With the reduction in both size and cost, mobile computing technology is becoming an accessory to our everyday wardrobe just like a watch or wallet. For many employers and employees alike, work is no longer a location but an activity that can be interlaced throughout their day.
Understanding the benefits of leveraging personal mobile devices as well as identifying the security and operational challenges is paramount to creating an effective Bring Your Own Device Strategy.
Here Are 5 Must Knows on BYOD:
1) IT must embrace this technology – It isn’t as scary as you think
With the explosion in the use of smartphones and tablets, IT organizations are being faced with a new set of challenges. In the early adoption phase of this technology many IT organizations simply turned a blind eye to these devices and made bold statements on the level of support that would be offered, if any. However, those days are over. A survey by Harris Interactive (2012) found that 81% of employees use some kind of personally owned device to conduct business. The challenge now is how?
Recent history has taught us that you either provide your mobile users with the access and applications that they need in a controlled and manageable way or they will get what they need by other methods. For this reason, progressive IT organizations are partnering with operations in order to understand mobile user requirements and developing systems and policies to meet these requirements while supporting the organizations existing security, support and procurement systems.
2) Focus your mobile device selection on the devices that are best suited for your needs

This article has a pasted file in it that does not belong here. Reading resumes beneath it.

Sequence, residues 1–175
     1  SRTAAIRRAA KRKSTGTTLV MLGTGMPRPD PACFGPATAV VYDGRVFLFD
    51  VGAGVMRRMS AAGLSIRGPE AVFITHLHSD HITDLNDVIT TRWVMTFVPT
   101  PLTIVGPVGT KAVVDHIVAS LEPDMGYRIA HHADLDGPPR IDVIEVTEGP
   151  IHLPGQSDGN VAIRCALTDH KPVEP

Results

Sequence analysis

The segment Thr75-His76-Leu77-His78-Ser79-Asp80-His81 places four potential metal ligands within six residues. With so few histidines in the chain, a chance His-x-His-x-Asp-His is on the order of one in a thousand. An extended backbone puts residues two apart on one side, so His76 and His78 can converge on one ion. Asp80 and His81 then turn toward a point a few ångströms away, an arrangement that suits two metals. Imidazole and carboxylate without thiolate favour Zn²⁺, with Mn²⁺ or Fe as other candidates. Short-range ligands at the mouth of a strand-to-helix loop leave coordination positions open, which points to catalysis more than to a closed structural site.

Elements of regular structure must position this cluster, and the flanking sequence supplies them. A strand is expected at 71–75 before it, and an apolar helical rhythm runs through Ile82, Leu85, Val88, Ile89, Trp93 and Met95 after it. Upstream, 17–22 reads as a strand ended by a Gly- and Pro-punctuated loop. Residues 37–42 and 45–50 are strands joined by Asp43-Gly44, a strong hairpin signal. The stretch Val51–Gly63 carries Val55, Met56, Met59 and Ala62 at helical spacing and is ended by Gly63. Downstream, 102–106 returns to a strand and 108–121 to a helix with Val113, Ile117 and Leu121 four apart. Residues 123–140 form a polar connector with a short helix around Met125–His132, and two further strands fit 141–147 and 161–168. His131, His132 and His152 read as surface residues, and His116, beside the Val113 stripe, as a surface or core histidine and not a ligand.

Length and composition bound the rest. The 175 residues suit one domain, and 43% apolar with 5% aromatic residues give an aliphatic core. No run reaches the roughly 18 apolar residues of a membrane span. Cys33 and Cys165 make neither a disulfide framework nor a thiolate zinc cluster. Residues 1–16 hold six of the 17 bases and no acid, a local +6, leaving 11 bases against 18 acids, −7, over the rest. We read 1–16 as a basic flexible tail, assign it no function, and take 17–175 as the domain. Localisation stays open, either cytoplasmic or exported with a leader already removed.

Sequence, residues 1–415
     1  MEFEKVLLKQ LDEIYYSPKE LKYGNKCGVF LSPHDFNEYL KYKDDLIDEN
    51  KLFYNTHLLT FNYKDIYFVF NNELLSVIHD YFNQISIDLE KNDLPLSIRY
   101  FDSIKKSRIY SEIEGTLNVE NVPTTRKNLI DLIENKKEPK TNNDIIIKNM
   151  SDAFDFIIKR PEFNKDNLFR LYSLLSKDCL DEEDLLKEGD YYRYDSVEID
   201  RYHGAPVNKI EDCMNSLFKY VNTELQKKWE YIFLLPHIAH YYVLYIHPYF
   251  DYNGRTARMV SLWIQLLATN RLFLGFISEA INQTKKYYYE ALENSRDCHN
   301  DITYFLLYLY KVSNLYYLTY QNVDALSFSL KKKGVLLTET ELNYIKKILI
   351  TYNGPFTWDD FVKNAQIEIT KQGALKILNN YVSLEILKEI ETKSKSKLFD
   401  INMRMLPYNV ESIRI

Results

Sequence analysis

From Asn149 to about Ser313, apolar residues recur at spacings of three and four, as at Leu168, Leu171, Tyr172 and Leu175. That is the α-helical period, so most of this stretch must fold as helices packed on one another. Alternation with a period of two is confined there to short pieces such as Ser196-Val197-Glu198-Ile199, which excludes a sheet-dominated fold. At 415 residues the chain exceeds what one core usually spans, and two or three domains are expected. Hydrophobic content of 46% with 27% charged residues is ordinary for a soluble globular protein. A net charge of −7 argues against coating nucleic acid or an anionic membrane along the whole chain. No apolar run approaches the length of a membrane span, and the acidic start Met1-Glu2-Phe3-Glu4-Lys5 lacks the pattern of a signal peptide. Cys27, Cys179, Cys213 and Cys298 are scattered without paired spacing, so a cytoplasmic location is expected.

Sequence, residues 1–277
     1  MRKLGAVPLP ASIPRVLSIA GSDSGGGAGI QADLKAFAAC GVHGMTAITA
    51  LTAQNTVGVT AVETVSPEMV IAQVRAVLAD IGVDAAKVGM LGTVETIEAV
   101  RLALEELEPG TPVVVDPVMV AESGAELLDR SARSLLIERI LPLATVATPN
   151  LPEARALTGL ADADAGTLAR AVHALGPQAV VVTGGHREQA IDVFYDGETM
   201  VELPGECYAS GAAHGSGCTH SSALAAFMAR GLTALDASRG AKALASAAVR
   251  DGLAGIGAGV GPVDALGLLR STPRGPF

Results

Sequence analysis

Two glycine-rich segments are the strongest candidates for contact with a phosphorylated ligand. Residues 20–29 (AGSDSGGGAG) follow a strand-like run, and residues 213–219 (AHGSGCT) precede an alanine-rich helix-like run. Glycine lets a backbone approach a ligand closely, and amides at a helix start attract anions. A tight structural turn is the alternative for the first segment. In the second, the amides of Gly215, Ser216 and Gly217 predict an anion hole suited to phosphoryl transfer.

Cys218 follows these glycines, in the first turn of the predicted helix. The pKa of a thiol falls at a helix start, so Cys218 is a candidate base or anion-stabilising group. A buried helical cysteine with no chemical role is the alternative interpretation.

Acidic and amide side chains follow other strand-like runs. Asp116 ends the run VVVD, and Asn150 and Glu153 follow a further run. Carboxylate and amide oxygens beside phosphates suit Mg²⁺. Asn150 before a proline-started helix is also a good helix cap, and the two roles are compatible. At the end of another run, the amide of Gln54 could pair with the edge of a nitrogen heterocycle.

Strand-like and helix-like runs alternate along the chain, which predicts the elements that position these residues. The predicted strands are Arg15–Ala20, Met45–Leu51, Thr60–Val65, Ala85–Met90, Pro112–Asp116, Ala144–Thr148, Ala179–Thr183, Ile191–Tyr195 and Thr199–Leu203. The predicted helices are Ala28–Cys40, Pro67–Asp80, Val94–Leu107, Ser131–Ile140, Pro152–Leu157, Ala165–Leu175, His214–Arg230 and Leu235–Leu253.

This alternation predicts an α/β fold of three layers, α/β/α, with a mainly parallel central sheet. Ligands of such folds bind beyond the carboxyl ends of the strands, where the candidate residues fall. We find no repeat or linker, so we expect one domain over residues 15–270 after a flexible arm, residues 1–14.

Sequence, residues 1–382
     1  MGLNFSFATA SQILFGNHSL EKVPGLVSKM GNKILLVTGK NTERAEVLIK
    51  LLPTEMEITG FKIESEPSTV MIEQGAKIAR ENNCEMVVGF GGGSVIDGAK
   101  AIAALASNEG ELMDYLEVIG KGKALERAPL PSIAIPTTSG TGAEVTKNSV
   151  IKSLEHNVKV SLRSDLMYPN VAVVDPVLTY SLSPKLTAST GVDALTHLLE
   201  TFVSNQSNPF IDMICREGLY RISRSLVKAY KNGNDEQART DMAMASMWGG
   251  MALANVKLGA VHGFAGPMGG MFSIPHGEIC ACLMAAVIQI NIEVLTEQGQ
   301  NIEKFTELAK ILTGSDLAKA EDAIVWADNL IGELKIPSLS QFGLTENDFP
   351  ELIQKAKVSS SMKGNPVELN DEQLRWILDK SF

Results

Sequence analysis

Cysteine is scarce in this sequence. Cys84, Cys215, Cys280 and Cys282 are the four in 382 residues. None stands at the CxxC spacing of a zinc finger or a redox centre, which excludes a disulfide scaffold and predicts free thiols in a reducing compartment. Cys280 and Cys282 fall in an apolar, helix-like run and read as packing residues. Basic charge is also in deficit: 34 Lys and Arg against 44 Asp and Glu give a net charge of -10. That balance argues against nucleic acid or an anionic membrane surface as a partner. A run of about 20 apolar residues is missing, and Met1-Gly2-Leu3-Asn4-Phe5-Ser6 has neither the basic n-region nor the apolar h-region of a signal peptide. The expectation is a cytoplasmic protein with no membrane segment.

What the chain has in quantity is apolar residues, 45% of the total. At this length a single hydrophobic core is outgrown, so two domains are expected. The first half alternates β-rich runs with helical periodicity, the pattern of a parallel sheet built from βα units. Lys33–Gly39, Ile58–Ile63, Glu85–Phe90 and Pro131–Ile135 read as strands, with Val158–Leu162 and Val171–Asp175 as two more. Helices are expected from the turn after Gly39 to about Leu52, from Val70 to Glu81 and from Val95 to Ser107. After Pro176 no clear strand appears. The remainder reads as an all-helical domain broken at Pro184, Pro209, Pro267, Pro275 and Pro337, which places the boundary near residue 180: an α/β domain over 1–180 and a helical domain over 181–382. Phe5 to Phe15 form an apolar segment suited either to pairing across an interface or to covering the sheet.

It seems like a new smartphone, tablet or specialized mobile device is announced every week, which might feel overwhelming.
Start by grouping the variety of mobile devices into categories that reflect your business requirements.
As an example:
If your business application is only available on the Windows Mobile operating system then grouping the devices by OS will allow you to quickly remove many options from consideration. Likewise, if you application is supported on multiple operating systems but the user environment is demanding and you need a ruggedized device then grouping devices by environmental considerations will enable you to quickly zero on a subset of devices. After separating the first group, repeat the process with additional groups based on additional business needs until you have identified the few specific devices that meet your needs.
3) Security Challenges can be fixed
Exposing your network, servers and business applications to the outside world invites hackers, competitors and others to wreak havoc. The most logical approach is to extend your existing security policies to this new mobile end point. But how?
Fortunately Mobile Device Management (MDM) is an expanding industry providing software tools that are designed to specifically address the security issues related to mobile devices. These tools are continually evolving in functionality and address the majority if not all of your security challenges including: